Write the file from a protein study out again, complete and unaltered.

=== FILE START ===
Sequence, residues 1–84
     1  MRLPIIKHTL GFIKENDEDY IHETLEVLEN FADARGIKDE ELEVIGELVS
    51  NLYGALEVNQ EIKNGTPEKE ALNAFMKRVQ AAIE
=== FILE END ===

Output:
Sequence, residues 1–84
     1  MRLPIIKHTL GFIKENDEDY IHETLEVLEN FADARGIKDE ELEVIGELVS
    51  NLYGALEVNQ EIKNGTPEKE ALNAFMKRVQ AAIE